Friday, September 23, 2011

Making Connections: Anarchy & Permanent Culture

Permaculture is about allowing natural systems to exist. Its about helping them to become more diverse and therefore, strong, healthy, and “more productive”. Modern thinking and philosophy involves that you apply force to a system in order to bend it to your will, that we become "masters over nature". The conventional approach is that a system will either perform as you instruct it, or be destroyed and replaced. And I do mean DESTROYED. Current landscaping techniques vitiate healthy natural systems so that they can install a particular order that is convenient to manipulate and control, but that devastate millions of years of perfectly balanced ecosystems. This can sometimes be repaired, but the overall pollution may make some areas toxic breeding grounds, incapable of sustaining life.

The good news is that natural, organic systems, although complex, can be “guided” along with ever diminishing need for human intervention by the use of bio-mimicry. Of course the answer is not to destroy the natural systems in the first place. Our best option would be to allow the system to interact, while introducing beneficial elements that offset our use of an area.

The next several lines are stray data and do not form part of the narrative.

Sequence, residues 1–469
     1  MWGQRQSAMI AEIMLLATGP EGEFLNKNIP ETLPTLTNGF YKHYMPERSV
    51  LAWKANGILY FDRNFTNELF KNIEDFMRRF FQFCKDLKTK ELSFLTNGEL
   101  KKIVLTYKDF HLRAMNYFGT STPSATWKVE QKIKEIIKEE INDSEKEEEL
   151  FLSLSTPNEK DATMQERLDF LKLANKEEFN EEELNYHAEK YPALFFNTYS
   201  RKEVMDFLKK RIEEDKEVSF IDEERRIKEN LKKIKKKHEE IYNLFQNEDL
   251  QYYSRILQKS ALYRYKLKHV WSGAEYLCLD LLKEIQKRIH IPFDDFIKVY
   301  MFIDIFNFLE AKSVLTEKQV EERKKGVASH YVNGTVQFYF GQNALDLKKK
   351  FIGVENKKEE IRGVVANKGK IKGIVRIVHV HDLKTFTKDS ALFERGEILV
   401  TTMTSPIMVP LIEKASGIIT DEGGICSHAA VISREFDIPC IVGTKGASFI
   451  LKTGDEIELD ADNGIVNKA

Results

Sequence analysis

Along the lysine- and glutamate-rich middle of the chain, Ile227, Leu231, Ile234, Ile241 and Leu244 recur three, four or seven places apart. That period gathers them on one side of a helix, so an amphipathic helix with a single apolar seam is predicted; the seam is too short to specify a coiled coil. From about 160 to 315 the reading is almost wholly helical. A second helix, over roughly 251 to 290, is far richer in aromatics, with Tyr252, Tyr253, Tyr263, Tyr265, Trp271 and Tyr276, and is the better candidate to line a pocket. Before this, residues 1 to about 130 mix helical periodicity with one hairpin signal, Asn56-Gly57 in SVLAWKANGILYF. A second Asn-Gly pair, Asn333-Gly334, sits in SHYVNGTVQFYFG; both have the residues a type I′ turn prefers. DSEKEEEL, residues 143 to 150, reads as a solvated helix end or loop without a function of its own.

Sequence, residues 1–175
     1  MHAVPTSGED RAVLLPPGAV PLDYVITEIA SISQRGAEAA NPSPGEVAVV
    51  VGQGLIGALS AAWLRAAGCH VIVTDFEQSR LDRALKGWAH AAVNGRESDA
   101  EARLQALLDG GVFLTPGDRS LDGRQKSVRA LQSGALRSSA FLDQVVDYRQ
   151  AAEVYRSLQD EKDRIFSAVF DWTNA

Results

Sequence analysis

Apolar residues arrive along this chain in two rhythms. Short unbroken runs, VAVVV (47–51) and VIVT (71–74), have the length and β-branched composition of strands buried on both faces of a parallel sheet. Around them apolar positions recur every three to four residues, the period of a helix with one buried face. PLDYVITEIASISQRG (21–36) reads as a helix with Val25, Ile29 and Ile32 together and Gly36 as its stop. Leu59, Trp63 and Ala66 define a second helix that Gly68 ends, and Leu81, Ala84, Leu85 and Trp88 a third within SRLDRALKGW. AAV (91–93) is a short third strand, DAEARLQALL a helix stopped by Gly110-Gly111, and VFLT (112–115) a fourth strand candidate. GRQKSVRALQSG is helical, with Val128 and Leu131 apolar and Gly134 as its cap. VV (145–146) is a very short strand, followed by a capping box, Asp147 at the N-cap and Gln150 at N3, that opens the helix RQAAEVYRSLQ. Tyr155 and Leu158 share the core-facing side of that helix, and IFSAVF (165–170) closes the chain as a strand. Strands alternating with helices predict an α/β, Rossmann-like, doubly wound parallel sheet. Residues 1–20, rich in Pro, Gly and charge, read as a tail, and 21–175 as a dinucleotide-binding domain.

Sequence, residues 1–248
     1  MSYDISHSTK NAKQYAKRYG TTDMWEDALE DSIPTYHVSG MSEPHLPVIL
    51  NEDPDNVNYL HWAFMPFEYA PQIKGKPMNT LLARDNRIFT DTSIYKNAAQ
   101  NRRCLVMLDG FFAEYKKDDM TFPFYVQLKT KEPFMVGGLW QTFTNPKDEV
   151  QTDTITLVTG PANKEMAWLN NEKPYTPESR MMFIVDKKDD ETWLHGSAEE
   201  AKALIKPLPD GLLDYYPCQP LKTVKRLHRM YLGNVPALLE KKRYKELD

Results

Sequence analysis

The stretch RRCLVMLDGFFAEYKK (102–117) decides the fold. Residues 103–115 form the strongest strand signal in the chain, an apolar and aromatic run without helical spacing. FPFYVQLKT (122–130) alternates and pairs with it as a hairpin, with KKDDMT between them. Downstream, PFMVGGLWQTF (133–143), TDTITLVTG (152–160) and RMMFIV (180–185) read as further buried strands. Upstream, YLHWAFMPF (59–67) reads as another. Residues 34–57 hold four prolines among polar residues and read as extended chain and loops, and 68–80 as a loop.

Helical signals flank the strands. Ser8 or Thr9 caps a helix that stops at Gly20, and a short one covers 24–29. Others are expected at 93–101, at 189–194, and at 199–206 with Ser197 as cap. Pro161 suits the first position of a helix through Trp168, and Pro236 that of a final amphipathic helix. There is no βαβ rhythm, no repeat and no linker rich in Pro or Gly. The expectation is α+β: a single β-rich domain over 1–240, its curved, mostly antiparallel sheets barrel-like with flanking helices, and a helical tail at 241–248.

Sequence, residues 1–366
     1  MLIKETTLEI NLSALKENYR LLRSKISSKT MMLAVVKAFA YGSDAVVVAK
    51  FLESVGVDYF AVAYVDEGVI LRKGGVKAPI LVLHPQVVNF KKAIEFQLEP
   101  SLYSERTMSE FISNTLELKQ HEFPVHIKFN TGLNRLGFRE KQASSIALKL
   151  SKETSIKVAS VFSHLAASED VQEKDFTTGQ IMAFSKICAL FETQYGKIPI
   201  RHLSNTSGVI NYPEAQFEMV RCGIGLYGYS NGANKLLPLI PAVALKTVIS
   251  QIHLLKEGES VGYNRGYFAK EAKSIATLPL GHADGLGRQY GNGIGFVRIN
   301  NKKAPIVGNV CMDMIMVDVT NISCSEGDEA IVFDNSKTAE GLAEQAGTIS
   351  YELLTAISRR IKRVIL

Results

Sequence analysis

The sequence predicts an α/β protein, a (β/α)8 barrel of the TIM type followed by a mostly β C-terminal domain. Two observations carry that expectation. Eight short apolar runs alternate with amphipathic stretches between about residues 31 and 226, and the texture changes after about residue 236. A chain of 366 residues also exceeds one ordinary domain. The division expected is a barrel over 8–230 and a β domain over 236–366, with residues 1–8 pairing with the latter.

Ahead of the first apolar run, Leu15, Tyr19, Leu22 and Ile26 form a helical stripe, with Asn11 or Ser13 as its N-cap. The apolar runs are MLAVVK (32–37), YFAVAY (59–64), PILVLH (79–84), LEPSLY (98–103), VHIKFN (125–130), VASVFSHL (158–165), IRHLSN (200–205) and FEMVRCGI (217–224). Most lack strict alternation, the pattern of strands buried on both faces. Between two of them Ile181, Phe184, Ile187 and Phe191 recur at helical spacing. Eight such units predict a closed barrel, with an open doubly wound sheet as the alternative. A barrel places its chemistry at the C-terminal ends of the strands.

These natural systems, I believe, are the essence of anarchism. Anyone who has observed nature can tell you is that when you change the natural balance of a system, the end results are almost always a disaster. Anarchism is about belonging to natural systems. Those that evolve from free interaction between autonomous actors, both in nature and in human social structures. And as with permaculture, it is necessary that each actor be allowed to evolve and grow. As the anarchist-ecologist Murray Bookchin put it,

"The notion that man must dominate nature emerges directly from the domination of man by man...But it was not until organic community relation...dissolved into market relationships that the planet itself was reduced to a resource for exploitation."

Unnatural systems force actors to perform in a rigid manner, or risk destruction. Natural systems allow actors to unfold as a part of their environment, providing fertile ground that promotes growth, diversity, and resilience, not destruction.

We, as living organisms, evolve along with our environment. The mutilation of these natural systems destroys not only that system or resource, but destroys life on a cellular level that even human stewardship cannot redeem. Fortunately, we don’t have to rely on artificial science to fix the problems humans create in their environment, including their social structures. Natural systems already know how to deal with those problems. If only we would let nature reign.

No comments:

Post a Comment